Underinvesting in Infrastructure

As a country, our Government is defensive vs offensive regarding most things. Insurance companies appear to be more interested in fixing illnesses than being proactive before the illnesses roost. I can’t imagine that the numbers make sense, but that is how insurance operates, and it always has.

We also love the future and are happy to erase the past. Because public education is state-run, each state has a different curriculum. One state might be aware of the horrifying Japanese relocation camps during WW2. In contrast, others never have any Black history in their curriculum, telling the real injustices that have happened and continue to happen.

Over the years, I have seen how the Government has failed so many. Is it just how capitalism works? Is it Federal disinvestment? Or is it a systemic failure by the people running agencies? Who is to blame?

NYCHA is an organization with 13,000 employees. HUDD is responsible for 1/3 of the costs, the state is responsible for 1/3, and the tenant rents cover the other 1/3. Two weeks ago, 70 NYCHA employees were arrested on bribery and extortion charges. Was anybody shocked? This organization oversees people’s housing and needs almost $80 billion to fully restore and renovate all the buildings, proving that NYCHA has been underfunded for decades, so it is not shocking that corruption is taking place.

Although very different, Puerto Rico was finally given capital to rebuild after getting hammered by storms. The first thing that probably popped into anybody’s head after hearing that is how much corruption we think there will be and how much will go into rebuilding.

All of this is decades of underinvestment coming home. The worst part is these are people’s homes. People who live in NYCHA are the backbone of our cities. 17% of NYers live in public housing, which equals hundreds of thousands of people, bigger than Atlanta or Boston.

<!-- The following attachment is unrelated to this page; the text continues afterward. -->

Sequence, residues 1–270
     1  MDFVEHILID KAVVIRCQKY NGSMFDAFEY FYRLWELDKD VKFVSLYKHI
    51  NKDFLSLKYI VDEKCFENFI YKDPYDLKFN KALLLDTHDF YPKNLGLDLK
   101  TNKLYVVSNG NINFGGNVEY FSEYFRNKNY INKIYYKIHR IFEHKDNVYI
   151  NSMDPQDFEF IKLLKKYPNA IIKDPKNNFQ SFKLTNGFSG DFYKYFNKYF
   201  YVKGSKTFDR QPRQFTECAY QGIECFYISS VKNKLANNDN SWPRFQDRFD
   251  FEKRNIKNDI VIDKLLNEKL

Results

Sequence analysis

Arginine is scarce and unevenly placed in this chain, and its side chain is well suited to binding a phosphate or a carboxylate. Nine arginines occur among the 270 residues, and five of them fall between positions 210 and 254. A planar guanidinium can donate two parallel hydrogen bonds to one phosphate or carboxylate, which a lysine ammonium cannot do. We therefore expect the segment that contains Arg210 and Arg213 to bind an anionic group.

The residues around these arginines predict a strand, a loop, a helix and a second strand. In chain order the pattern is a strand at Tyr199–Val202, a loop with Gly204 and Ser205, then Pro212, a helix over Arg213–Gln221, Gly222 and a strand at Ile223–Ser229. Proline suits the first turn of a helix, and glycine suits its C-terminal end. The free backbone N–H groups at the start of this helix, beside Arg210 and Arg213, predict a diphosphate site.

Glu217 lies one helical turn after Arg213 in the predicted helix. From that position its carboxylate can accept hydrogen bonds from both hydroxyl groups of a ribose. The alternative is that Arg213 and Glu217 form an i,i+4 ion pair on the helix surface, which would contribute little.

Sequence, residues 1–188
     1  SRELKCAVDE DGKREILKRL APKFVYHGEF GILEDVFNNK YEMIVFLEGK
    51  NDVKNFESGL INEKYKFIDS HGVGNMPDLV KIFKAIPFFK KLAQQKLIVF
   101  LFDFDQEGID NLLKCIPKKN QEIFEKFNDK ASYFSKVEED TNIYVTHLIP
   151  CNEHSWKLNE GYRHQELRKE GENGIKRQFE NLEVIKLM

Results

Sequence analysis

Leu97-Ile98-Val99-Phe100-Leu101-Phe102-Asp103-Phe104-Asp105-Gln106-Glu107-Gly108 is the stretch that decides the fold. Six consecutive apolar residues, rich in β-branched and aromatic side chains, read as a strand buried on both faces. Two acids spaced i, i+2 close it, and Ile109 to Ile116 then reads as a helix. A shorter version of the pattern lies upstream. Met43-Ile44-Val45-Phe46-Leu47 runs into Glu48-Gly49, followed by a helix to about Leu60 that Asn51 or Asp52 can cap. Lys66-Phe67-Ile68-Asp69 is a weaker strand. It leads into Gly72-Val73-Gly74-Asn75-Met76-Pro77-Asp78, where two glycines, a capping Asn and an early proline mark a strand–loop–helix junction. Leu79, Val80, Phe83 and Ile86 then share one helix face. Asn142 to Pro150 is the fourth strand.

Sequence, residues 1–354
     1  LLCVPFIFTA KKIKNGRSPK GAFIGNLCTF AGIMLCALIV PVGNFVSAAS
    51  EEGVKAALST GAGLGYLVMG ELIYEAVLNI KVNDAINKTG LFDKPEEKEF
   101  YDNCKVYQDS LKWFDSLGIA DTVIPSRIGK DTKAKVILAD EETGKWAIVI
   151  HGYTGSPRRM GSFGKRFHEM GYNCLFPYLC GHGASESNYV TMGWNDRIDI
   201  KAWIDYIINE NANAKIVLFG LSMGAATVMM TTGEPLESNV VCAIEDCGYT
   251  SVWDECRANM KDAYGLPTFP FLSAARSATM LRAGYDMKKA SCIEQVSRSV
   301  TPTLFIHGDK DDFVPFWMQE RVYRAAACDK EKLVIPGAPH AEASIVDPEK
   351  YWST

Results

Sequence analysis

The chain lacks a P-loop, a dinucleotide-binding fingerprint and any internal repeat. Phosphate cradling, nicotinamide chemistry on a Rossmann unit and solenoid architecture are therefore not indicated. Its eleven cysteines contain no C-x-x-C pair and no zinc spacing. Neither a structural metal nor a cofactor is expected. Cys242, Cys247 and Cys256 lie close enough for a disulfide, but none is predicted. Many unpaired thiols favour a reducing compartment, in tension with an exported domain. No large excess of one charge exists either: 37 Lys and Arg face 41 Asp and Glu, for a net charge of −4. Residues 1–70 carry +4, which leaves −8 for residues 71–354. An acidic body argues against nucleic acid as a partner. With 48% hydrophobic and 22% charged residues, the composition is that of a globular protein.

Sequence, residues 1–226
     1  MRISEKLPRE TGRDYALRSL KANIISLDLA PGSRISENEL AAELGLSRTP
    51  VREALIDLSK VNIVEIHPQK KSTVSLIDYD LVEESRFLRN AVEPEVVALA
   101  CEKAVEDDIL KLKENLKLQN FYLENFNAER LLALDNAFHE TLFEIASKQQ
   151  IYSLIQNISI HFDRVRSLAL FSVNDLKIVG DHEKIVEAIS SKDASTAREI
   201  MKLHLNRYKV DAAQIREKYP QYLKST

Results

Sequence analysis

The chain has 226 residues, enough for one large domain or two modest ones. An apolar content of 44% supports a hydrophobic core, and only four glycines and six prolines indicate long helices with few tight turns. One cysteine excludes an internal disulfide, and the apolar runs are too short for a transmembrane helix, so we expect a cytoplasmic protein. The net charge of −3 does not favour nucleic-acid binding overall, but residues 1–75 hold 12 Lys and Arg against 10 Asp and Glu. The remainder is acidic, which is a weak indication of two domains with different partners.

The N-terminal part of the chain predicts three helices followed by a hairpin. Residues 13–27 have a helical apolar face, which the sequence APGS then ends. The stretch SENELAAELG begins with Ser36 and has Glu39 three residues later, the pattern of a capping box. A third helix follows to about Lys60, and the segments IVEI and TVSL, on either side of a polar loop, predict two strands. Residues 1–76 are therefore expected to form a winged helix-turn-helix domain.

I am all for foreign investment, but investing at home impacts everything else. Unclear what will happen next at NYCHA, but it would be worth bringing in a separate agency to do a full-on audit to understand the need for 13,000 employees, to look at every single contract to see if the price is competitive and if that work is actually getting done inside the buildings as it is supposed to. Does it make sense that NYCHA is overseen by one group? Should there be divisions by borough and then one group over that?

So many questions should be asked, yet NYCHA woes might be budget-related, but the system is broken, and all sides are accountable, mainly for how NYCHA is expected to be managed. The saying is, “If it ain’t broke, don’t fix it.” NYCHA is seriously broken, and it is time to take a look from the bottom up with investment from the Government while rethinking how NYCHA should be managed. Getting HUDD out of it would be a first step in the right direction.

Obviously, I am looking at my own backyard. I would assume that the same could be said in every state with public housing. The same goes for any infrastructure that our country has ignored for years. If you buy a house and do not maintain it, one day, the roof implodes. It doesn’t take much to understand how the lack of capital from the Government has created the problems that exist today.